carry

verb
car·ry | \ˈka-rē, ˈker-ē\
carried; carrying

Definition of carry 

(Entry 1 of 2)

transitive verb

1 : to move while supporting : transport her legs refused to carry her further— Ellen Glasgow

2 : to convey by direct communication carry tales about a friend

3 chiefly dialectal : conduct, escort

4 : to influence by mental or emotional appeal : sway She intended the play to carry audiences toward a sense of peace and understanding.

5 : to get possession or control of : capture carried off the prize

6 : to transfer from one place (such as a column) to another carry a number in adding

7 : to contain and direct the course of The drain carries sewage. Cables carry electricity to homes.

8a : to wear or have on one's person Police officers carry guns.

b : to bear upon or within one is carrying an unborn child

c : to harbor (a pathogen) within the body carry a virus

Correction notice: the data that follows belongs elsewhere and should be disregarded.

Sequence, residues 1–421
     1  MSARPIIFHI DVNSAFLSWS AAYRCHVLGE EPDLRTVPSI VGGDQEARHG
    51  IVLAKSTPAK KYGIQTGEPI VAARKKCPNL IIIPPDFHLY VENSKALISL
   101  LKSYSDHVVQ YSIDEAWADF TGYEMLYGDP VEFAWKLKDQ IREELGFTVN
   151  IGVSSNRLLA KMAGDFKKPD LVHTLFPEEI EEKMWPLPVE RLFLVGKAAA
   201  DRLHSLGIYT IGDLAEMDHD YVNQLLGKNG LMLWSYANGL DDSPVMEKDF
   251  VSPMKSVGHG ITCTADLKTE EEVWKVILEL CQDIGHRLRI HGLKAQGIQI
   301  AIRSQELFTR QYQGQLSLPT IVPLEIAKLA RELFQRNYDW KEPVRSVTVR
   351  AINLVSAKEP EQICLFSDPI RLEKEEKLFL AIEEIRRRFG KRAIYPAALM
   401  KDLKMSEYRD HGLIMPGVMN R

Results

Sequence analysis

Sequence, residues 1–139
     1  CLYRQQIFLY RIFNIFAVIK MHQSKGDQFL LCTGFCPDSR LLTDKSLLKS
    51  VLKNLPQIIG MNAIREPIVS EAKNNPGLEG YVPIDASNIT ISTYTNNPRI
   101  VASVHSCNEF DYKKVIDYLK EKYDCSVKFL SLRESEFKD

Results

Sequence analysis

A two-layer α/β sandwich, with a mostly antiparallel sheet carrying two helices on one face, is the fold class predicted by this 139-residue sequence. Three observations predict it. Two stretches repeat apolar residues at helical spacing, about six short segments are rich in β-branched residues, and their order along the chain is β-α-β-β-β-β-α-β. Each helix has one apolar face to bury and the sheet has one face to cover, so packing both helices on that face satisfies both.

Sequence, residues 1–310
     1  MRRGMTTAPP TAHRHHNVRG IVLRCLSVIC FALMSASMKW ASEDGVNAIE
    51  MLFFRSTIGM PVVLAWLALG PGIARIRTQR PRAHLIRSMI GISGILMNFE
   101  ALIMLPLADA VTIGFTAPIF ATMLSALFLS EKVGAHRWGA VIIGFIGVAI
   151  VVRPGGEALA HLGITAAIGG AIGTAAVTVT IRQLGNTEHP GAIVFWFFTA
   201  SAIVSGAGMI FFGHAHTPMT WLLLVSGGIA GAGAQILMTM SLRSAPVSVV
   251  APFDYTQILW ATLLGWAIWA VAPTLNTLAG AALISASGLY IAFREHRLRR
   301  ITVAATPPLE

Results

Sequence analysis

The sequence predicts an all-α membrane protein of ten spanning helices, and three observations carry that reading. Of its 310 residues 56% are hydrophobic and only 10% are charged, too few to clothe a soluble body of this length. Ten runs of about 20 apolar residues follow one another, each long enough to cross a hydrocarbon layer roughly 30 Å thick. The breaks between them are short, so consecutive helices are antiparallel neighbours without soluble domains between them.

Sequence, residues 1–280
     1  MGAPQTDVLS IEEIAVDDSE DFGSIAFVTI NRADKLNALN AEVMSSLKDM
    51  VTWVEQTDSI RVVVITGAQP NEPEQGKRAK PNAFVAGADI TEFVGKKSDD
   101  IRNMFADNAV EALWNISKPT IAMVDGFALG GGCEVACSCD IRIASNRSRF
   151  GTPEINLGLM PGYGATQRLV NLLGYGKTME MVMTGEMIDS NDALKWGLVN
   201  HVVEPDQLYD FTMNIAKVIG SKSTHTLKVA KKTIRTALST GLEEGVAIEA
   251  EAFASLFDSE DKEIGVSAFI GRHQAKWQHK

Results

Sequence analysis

d : to possess a specified gene specifically : to possess one copy of a specified recessive gene and be capable of transmitting it to offspring parents carrying genes for cystic fibrosis

9a : to have or bear especially as a mark, attribute, or property carry a scar

b : imply, involve The crime carried a heavy penalty.

10 : to hold or comport (oneself, one's person, etc.) in a specified manner always carries herself with dignity and grace

11 : to sustain the weight or burden of Pillars carry an arch. is carrying a full course load

12 : to bear as a crop

13 : to sing with reasonable correctness of pitch carry a tune

14a : to keep in stock for sale The store carries a good selection of wines.

b : to provide sustenance for land carrying 10 head of cattle

c : to have or maintain on a list or record carry a person on a payroll carried six guards on the team

15 : to be chiefly or solely responsible for the success, effectiveness, or continuation of a player capable of carrying a team Her performance carried the play.

16 : to prolong or maintain in space, time, or degree carry a principle too far carry the wall above the eaves carried a no-hitter into the ninth inning

17a : to gain victory for especially : to secure the adoption or passage of The bill was carried in the Senate by a vote of 75–25.

b : to win a majority or plurality of votes in (something, such as a legislative body or a state) The bill carried the Senate by a vote of 75–25.